The Big Story: Dealing with harmful online content. Dueling congressional committees this week held hearings on online hate speech and digital censorship as the United Kingdom released a sweeping plan to require social media companies to be more proactive in removing harmful content from their sites.
The Big Story: Net neutrality bill gaining momentum. The House Energy and Commerce Committee voted to advance the Save the Internet Act, legislation to reinstate the FCC’s 2015 net neutrality protections, which kept the Internet a level playing field for startups. A vote by the full House is expected next week.
The Big Story: Data privacy takes center stage. Engine Executive Director Evan Engstrom testified before the Senate Commerce subcommittee on consumer protection this week to discuss the impact privacy regulations have on startups. Evan stressed the need for lawmakers to craft a comprehensive national privacy framework that balances strong consumer protections with reasonable requirements for startups on bootstrap budgets.
The Big Story: High stakes for trade deals. U.S. Trade Representative Robert Lighthizer testified to Congress this week to address several important trade issues impacting startups. On China, it looks unlikely that we will see a resolution to the trade war or a decrease in tariffs soon, although the Administration has started to make some progress with the Chinese on issues like intellectual property theft and forced technology transfers.
The Big Story: EU officials reach a deal on Article 13. European Union officials reached a deal on new copyright rules this week, including Article 13, a controversial proposal that would require Internet platforms to either obtain licenses from a given copyright holder or prevent the upload of any user-generated content that infringes on that rightsholder’s copyright.
The Big Story: GDPR’s biggest hit yet. The French privacy watchdog has issued a $57 million fine against Google, the largest fine yet under Europe’s General Data Protection Regulation, the sweeping privacy rules that went into effect in the European Union last year.
California collecting input on privacy law. The process of implementing a new California privacy law kicked off in earnest this week as state Attorney General Xavier Becerra’s office held its first public forum on the issue.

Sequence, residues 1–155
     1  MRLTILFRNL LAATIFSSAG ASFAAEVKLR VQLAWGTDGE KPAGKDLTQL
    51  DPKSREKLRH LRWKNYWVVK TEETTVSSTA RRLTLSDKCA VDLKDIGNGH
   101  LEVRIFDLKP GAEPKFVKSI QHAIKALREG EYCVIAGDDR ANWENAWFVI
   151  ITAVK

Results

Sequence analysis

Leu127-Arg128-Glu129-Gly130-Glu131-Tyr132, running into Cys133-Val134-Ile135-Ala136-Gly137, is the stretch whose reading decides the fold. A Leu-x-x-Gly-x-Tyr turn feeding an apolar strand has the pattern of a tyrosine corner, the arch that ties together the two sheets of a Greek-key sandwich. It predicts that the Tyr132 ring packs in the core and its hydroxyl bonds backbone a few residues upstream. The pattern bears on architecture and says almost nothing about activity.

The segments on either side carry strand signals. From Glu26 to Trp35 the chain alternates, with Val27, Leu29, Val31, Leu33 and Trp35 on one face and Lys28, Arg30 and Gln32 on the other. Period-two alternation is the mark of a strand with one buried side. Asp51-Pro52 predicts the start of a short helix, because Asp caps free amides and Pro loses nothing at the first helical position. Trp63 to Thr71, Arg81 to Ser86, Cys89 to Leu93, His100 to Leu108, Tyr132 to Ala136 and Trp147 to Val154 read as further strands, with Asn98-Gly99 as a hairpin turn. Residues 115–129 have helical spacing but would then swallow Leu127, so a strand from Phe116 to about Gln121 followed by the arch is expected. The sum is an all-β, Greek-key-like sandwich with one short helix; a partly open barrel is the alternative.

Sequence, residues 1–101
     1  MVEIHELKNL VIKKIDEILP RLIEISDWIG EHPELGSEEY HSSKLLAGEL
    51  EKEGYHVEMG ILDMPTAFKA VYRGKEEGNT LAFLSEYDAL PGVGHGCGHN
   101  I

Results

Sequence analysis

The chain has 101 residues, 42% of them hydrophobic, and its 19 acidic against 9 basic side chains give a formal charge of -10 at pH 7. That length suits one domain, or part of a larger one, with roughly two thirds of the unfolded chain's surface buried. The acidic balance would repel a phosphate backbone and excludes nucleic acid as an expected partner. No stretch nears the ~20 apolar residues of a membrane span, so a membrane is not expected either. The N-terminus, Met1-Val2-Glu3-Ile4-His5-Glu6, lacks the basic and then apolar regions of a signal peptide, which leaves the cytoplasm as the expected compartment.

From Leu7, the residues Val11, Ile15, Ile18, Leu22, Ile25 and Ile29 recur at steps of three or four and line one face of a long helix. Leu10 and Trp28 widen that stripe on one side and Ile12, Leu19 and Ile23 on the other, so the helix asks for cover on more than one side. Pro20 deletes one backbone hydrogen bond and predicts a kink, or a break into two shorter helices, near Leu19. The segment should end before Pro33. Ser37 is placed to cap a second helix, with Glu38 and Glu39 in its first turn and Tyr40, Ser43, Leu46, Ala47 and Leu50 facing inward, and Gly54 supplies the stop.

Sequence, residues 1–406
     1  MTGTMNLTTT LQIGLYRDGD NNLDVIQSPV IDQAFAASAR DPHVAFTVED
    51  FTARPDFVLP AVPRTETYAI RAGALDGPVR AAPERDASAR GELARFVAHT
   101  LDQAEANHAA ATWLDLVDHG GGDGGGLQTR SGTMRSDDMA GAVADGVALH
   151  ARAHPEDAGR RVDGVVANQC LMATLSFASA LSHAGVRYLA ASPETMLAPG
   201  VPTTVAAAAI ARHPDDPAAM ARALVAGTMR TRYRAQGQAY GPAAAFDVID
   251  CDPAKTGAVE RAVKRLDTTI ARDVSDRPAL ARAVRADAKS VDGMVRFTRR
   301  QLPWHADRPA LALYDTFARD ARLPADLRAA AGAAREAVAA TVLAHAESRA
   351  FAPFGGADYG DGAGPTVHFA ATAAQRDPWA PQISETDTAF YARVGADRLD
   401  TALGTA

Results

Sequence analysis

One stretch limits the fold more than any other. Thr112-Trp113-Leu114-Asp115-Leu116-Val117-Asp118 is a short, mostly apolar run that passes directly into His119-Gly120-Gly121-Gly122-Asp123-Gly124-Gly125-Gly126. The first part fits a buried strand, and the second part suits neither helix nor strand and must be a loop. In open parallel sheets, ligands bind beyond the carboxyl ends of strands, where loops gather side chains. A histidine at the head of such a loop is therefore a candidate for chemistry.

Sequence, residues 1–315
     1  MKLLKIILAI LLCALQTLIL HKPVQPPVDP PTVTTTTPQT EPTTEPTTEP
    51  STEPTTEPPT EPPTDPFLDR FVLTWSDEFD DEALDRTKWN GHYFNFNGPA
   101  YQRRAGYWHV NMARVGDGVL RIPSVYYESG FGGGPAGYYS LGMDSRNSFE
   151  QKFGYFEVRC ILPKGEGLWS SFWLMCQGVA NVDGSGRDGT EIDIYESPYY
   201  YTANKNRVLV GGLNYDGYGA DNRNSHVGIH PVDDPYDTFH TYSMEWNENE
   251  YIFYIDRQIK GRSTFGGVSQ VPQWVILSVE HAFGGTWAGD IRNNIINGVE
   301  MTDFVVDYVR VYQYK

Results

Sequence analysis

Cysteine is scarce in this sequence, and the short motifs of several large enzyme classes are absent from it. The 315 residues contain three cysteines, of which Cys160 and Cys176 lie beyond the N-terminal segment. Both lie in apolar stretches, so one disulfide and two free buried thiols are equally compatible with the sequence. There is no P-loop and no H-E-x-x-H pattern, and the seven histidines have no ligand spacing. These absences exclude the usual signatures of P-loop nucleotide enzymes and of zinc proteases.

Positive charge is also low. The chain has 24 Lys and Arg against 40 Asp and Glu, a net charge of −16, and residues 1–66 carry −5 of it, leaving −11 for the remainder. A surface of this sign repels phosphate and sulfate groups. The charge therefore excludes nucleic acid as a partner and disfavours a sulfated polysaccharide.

New year, new Congress, same issues. The new year and the new Congress kicked off this week, but many of the policy debates that concerned startups in 2018 will continue on. As the Democrats take control of the House and the gavels of key committees, expect vigorous oversight of the Trump administration across the board, which is likely to impact several of the policy areas startups care most about, including trade, net neutrality at the Federal Communications Commission, and more.
The Big Story: How the new trade deal affects startups. After months of negotiating a new trade deal between the U.S., Canada, and Mexico, the three countries’ leaders signed onto a new trade deal—the United States-Mexico-Canada Agreement, or USMCA—late last month.
The Big Story: Trump’s STEM push. The White House released a report this week aimed boosting the country’s science, technology, engineering, and math skills over the next five years, including through work with educational institutions like colleges and libraries as well employers, nonprofits, and others.
The Big Story: FTC wants more authority, resources for privacy. During a hearing this week, the commissioners of the Federal Trade Commission told lawmakers the agency needs more authority to better protect consumers’ privacy online, including the ability to bring civil penalties against companies that violate privacy rules.
A flood of perspectives on privacy. Late last week, the federal government got dozens of comments from companies, trade groups, non-profits and more on how to approach consumer privacy online. As part of the response to a request for comments on a broad framework for consumer privacy, Engine submitted comments to the Commerce Department’s National Telecommunications and Information Administration, outlining the ways in which various privacy proposals and laws affect startups.
After Tuesday night’s midterm elections, we’re facing a new makeup of Congress next year, with a Democratic-led House and a Senate with a more significant Republican majority. Despite the new composition, we’re sure to see a lot of familiar debates surface around policy issues that impact the U.S. startup ecosystem, including around privacy, net neutrality, immigration, access to capital, and more.
A U.K. tax on online services. The British government has announced a new tax on the biggest companies offering online services in the United Kingdom. The tax, 2 percent of U.K. revenues, will be levied on companies with global revenues of $640 million or more starting in April 2020.